Well, looks like I will have to be the trailblazer, I got your back Kristen :)

2) In the world a person's social status is very important. It can impact what kind of job they have, where they live, what kind of car they drive, what school they go to, who they associate with, etc. etc. In today's world social status plays a lesser role then it did hundreds of years ago but it is still very much alive as something people notice and take into account about a person. For example, in today's world social status plays a much reduced role in who a person will marry. You cannot say it is gone completely because, at least as far as I know, celebrities never marry someone who is not also a celebrity (for better or for worse). So in that case the celebrities are taking into account the social status of the person that they will be marrying.
Also, look at the college situation in the United States. Most of the people who go to well known schools like MIT, Harvard, Yale, etc. are children of either an alumni of that school or has parents that are wealthy. Social status of the applicant plays a fairly large role in determining who will attend these schools (even though they will never admit it themselves). There are plenty of people smart enough to go to these schools however, it is only the rich or well-connected enough that actually end up attending (for the most part), another example of social status at work in today's world.
These are only a few examples of the role that a person's social status plays in today's world. It may be diminished when compared to the world of yesteryear but it is still there, looming over the lives of everyone, and it will never go away.

1) It is difficult for me to figure out why Woolf had Orlando undergo a gender change without actually reading the book but I will forge on nonetheless. It is obvious that there is a supernatural element to Orlando (he ages extremely slowly) so his change of gender might be some higher power letting Orlando experience both "halves" of humanity so as to gain a greater understanding of what it means to be a human. You say in your summary that he is not sure which gender best suits the desires of some women so maybe being a women allows him to see this other side that has caused him to think this way. Anyway, just my two cents, take it as you may.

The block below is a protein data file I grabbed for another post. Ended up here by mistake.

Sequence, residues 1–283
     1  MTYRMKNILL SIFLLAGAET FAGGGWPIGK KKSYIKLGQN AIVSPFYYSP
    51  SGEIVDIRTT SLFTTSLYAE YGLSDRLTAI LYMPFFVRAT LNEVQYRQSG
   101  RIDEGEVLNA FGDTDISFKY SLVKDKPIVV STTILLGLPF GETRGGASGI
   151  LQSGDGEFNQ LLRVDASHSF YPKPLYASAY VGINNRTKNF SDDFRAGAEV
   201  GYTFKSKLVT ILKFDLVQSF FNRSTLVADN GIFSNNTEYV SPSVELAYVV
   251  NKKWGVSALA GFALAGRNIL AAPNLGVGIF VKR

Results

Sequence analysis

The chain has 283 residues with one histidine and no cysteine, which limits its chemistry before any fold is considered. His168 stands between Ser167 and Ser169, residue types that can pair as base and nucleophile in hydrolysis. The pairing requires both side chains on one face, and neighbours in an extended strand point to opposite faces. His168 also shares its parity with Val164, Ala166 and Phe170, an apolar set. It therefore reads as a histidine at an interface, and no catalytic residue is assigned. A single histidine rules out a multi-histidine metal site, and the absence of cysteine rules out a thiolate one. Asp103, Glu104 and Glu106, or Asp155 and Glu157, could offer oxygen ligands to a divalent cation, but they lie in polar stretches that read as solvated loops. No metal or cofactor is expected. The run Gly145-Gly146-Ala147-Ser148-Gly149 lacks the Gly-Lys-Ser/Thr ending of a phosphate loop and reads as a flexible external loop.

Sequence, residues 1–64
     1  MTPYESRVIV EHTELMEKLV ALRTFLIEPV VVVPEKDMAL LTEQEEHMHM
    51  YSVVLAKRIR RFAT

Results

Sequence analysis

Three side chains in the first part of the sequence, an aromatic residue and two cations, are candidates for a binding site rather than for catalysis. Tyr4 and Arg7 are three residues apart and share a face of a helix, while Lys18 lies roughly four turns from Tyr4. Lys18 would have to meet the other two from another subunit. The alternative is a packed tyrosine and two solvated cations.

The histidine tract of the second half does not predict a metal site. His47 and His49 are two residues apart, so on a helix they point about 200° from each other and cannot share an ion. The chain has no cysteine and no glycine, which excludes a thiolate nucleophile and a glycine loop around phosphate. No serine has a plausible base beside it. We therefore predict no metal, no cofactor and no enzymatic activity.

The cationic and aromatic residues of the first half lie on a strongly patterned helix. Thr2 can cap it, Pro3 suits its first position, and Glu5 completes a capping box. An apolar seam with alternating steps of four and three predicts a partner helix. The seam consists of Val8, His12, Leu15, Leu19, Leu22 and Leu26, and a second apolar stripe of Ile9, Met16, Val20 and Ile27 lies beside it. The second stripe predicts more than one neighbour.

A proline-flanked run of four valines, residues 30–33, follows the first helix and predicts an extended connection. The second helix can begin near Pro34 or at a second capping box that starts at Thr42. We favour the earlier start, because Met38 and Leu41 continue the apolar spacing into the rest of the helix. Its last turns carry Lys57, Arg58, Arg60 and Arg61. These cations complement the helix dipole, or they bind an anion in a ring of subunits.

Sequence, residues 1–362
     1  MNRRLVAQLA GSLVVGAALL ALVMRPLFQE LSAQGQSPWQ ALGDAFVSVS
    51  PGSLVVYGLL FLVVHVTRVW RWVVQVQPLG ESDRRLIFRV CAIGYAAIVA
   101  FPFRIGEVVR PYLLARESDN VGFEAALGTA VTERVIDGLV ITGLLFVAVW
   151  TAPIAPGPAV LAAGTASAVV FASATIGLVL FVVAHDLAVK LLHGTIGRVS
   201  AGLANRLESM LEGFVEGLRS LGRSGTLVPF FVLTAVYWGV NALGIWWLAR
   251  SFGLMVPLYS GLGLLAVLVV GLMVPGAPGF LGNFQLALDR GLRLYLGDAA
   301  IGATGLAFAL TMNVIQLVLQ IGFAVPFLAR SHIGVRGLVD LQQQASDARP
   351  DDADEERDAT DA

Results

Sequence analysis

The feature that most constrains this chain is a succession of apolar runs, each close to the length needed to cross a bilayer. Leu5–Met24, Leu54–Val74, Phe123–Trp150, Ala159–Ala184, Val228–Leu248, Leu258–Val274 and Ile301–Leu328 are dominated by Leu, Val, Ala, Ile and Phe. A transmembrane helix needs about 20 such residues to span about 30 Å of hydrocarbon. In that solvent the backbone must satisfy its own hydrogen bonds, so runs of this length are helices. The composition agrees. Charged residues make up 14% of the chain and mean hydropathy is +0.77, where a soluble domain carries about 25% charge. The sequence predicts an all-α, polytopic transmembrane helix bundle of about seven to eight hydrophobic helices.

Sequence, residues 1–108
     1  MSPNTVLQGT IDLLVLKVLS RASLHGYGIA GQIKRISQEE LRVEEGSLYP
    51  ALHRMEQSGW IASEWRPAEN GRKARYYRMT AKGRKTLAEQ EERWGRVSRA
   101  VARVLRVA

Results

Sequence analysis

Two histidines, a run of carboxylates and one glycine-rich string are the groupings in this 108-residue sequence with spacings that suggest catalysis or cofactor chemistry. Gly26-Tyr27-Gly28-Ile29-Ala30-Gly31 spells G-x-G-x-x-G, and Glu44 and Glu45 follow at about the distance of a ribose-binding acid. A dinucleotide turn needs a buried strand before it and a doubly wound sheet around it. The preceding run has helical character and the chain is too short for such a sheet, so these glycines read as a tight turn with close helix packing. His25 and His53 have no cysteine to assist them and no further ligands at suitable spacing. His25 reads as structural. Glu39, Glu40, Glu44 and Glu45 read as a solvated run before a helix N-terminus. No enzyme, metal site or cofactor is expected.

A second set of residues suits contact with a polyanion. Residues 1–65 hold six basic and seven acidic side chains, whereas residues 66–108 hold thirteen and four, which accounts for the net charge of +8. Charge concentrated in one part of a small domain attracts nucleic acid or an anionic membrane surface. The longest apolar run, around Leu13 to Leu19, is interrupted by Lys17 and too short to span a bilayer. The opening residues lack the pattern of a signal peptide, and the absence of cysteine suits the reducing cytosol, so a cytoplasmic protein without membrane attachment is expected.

Having not read the book, I find I am unable to come up with a decent answer for to what degree is Orlando affected by this change. As for how I would react, well I would probably freak out. There would be a bunch of stuff that I would not know how to do and social norms that I'm sure I would have no idea about how they pertain to a women vs. a man. I do think that it would be interesting though to find out how women experience the world everyday.

Kristen R. 11-12 said...

Justin, I agree with with your comments. I agree that social status is not quite as stressed as it was in the past, but that it still very much so exists and dictates how many people live their lives. I think that you made a valid point when you talked about the celebrities; social status is virtually the basis on which they conduct their lives. You also made a good point when you talked about the importance of alumni in the world of colleges. Additionally, in regards to the gender change, like you said, Woolf uses the gender change to allow Orlando to determine if a substantial difference really does exist between men and women. Woolf is trying to portray that it is rather the demands that society places on those two roles that ultimately shape a man versus a woman.